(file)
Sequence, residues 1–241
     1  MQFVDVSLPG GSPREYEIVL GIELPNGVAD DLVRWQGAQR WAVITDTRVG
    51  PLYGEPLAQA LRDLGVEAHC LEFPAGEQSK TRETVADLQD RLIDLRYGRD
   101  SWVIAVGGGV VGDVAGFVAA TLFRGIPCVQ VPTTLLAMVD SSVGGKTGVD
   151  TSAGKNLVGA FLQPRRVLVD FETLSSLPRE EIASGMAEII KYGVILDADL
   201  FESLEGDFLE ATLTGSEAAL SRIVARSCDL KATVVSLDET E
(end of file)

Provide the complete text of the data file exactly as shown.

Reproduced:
Sequence, residues 1–241
     1  MQFVDVSLPG GSPREYEIVL GIELPNGVAD DLVRWQGAQR WAVITDTRVG
    51  PLYGEPLAQA LRDLGVEAHC LEFPAGEQSK TRETVADLQD RLIDLRYGRD
   101  SWVIAVGGGV VGDVAGFVAA TLFRGIPCVQ VPTTLLAMVD SSVGGKTGVD
   151  TSAGKNLVGA FLQPRRVLVD FETLSSLPRE EIASGMAEII KYGVILDADL
   201  FESLEGDFLE ATLTGSEAAL SRIVARSCDL KATVVSLDET E